Josef Newgarden wins Long Beach Grand Prix

LONG BEACH, CALIFORNIA - APRIL 09: NTT IndyCar Series driver Josef Newgarden takes practice laps at the 2022 Acura Grand Prix Of Long Beach on April 09, 2022 in Long Beach, California. (Photo by Greg Doherty/Getty Images)

American Josef Newgarden won Sunday's Acura Grand Prix of Long Beach IndyCar race, beating out Romain Grosjean of France after favorite and defending champion Colton Herta crashed into the wall on lap 56 of the 85-lap course.

Spain's Alex Palou finished third.

"I've been trying to win a race here for 11 years," Newgarden said moments after the race ended. "It feels so good to finally get it done."

The Valencia-raised Herta had the pole position Sunday and had won the last three NTT IndyCar Series races in California — the 2019 and 2021 editions of the Firestone Grand Prix of Monterey and the 2021 Long Beach race. The series didn't race in California in 2020 due to the COVID-19 pandemic.

Herta led for the first 28 laps of Sunday's race and was third when he crashed.

"I just broke a little too late, got in there, locked the right front, and that's it," Herta told NBC Sports. "It's just a stupid mistake. We were definitely in that thing, running good there in third. It's unfortunate, I feel really bad."


Newgarden joined Herta in the front row of the 26-car field. The Nashville native also won the series' most-recent race, the XPEL 375, March 20 at Texas Motor Speedway in Fort Worth, its first oval race of the season. Herta finished 12th in that race.

Palou started the Long Beach race in the third position and his Chip Ganassi Racing teammate Felix Rosenqvist of Sweden was fourth.

Sunday's race finished under a caution flag after Takuma Sato of Japan hit the tire barriers in turn 8. Newgarden had passed Palou earlier for the lead, and fended off a challenge from Grosjean, who also passed Palou.

Seven-time NASCAR Cup Series champion Jimmie Johnson raced Sunday despite suffering a broken bone on the outside of his right hand in a crash during practice Friday. He started 25th and crashed into a tire barrier with 10 laps to go.

The race traversed a 1.97-mile, 11-turn street circuit surrounding the Long Beach Convention Center and started at 12:45 p.m., broadcast live on NBC.

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The field consisted of drivers from 15 nations — eight from the United States, two each from Canada, England, New Zealand and Sweden, and one each from Australia, Brazil, Colombia, Denmark, France, Japan, Mexico, Netherlands, Spain and Switzerland.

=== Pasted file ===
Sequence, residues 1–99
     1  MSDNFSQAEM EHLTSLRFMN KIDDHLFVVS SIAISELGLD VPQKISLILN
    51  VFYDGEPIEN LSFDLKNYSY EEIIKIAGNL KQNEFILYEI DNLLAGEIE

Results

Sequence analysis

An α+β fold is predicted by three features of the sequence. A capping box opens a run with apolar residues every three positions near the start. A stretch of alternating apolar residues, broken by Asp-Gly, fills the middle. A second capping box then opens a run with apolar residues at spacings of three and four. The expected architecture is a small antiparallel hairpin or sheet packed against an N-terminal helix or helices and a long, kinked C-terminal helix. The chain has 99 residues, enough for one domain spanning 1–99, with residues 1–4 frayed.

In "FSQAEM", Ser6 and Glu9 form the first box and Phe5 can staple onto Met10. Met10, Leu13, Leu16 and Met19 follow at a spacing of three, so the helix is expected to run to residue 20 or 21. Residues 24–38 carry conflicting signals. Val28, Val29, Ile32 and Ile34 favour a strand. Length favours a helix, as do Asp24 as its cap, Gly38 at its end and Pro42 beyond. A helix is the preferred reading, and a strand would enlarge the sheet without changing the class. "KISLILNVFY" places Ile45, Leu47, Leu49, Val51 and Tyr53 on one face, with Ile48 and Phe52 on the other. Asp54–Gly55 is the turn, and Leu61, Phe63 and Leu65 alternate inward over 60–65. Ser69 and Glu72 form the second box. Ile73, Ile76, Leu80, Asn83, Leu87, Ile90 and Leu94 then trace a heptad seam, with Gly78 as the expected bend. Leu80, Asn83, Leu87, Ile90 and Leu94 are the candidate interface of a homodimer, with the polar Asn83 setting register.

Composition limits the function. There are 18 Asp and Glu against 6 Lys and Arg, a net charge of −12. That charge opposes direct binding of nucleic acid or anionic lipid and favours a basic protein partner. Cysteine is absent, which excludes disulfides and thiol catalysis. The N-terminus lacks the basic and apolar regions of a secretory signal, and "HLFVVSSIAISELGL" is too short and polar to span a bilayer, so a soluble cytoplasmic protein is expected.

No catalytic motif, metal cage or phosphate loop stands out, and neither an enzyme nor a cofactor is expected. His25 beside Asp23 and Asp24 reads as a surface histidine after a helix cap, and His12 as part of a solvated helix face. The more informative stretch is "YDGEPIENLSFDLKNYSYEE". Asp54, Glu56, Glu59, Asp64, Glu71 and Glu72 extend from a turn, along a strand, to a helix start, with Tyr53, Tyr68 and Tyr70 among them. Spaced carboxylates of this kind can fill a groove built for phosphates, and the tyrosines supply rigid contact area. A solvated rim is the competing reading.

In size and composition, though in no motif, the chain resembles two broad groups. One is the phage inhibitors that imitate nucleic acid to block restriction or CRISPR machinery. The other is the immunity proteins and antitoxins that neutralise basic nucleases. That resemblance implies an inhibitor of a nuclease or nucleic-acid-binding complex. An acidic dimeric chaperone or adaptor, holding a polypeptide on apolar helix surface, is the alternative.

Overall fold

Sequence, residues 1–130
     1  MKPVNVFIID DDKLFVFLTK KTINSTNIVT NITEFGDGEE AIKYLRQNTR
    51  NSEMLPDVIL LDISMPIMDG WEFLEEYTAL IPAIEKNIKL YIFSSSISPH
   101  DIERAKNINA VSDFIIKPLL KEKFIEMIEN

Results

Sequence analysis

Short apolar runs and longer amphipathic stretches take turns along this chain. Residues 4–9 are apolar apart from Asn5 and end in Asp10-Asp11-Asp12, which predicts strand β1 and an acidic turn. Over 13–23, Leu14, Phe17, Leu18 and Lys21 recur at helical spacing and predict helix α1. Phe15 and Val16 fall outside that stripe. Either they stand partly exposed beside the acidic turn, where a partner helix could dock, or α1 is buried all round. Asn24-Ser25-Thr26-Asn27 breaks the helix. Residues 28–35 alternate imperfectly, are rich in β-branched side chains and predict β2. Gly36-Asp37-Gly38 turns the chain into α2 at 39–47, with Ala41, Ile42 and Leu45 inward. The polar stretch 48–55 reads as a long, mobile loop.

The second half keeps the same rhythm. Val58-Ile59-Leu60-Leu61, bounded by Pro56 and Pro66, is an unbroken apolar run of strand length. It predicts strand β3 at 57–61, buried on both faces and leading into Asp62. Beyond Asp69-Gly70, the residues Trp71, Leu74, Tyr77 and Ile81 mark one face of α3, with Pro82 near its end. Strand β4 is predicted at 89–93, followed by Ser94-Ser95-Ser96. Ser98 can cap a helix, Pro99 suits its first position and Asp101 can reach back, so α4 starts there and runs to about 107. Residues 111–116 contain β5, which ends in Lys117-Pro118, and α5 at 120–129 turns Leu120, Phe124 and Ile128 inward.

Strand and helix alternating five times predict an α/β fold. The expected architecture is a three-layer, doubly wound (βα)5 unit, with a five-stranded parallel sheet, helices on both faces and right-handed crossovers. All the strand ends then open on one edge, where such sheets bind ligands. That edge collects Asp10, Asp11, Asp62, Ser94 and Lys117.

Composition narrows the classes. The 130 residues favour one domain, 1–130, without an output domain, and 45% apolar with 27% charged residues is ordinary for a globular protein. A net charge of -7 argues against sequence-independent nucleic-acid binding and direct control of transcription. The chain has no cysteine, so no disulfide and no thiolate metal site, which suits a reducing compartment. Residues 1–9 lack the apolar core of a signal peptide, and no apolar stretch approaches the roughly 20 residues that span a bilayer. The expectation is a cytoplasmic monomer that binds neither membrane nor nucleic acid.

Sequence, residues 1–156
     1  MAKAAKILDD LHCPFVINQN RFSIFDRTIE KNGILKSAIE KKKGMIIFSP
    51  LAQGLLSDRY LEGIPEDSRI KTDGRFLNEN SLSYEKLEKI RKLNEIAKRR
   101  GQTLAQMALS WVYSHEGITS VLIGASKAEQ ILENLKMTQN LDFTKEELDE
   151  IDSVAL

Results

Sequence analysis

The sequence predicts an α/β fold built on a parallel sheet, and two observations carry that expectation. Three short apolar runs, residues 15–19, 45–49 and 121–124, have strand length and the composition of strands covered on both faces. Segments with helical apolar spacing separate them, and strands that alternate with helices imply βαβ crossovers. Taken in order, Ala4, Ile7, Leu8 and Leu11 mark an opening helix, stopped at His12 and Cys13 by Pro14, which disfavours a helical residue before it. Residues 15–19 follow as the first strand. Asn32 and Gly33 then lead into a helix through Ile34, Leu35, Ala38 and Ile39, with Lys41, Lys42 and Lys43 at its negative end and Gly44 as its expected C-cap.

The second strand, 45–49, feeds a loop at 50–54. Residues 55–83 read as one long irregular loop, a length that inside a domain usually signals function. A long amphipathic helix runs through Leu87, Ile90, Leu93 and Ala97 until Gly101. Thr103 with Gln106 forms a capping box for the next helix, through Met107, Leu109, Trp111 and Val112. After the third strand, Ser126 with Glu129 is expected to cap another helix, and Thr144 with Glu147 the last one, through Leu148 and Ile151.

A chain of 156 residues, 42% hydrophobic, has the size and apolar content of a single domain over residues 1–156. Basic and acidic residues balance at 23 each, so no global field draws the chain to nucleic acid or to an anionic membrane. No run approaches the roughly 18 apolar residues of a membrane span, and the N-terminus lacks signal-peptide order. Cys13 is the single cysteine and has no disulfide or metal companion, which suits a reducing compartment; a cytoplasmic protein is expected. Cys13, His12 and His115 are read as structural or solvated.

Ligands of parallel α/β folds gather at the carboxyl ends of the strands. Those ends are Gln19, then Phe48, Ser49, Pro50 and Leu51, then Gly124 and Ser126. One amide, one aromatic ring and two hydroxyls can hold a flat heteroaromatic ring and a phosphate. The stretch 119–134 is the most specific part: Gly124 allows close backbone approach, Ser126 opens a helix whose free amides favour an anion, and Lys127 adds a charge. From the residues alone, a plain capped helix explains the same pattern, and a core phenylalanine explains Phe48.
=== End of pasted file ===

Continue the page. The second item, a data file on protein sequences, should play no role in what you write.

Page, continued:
All cars use fourth-generation NTT IndyCar Series chassis with universal IR-18 aerodynamic bodywork, Chevrolet or Honda engines and Firestone tires.

Herta won the pole by completing a lap in one minute, 5.3095 seconds, 108.48 mph, Saturday, breaking the previous record of 1:06.2254 set by Helio Castroneves in 2017.

Earlier Sunday, at the Grand Prix's second Historic IMSA GTP Challenge Race, Sebastien Bourdais and co-driver Renger van der Zande won for Cadillac Racing, which claimed the top two spots as Earl Bamber finished in second place.

Bourdais lightly hit the wall seven minutes into the 100-minute race while trying to lap a GTD class Porsche at the iconic hairpin of the Long Beach street course, but was able to make up the time.

"You kind of go into a bit of a trance when you try to pull off something that really shouldn't be possible," Bourdais said. "You're on fire because you're so mad at yourself. I guess I'm accustomed to stupid mistakes and trying to make up for that. Luckily, there wasn't much damage and I'm just glad we got the lead back."

Following the IndyCar race, the Grand Prix's second 30-minute SPEED/UTV Stadium Super Trucks race was set to begin at 3:30 p.m. The series for 600-horsepower V-8 engine trucks was founded by former IndyCar and NASCAR driver Robby Gordon, who finished second Saturday behind his 14-year-old son Max.

The Grand Prix will conclude with its second Porsche Carrera Cup race, scheduled for 4:20 p.m. Every car competing is identical, the road car- based Porsche 911 GT3. With no technical advantage between cars, driver talent, along with team mechanical skills and strategy, will decide the winner of the 40-minute race.

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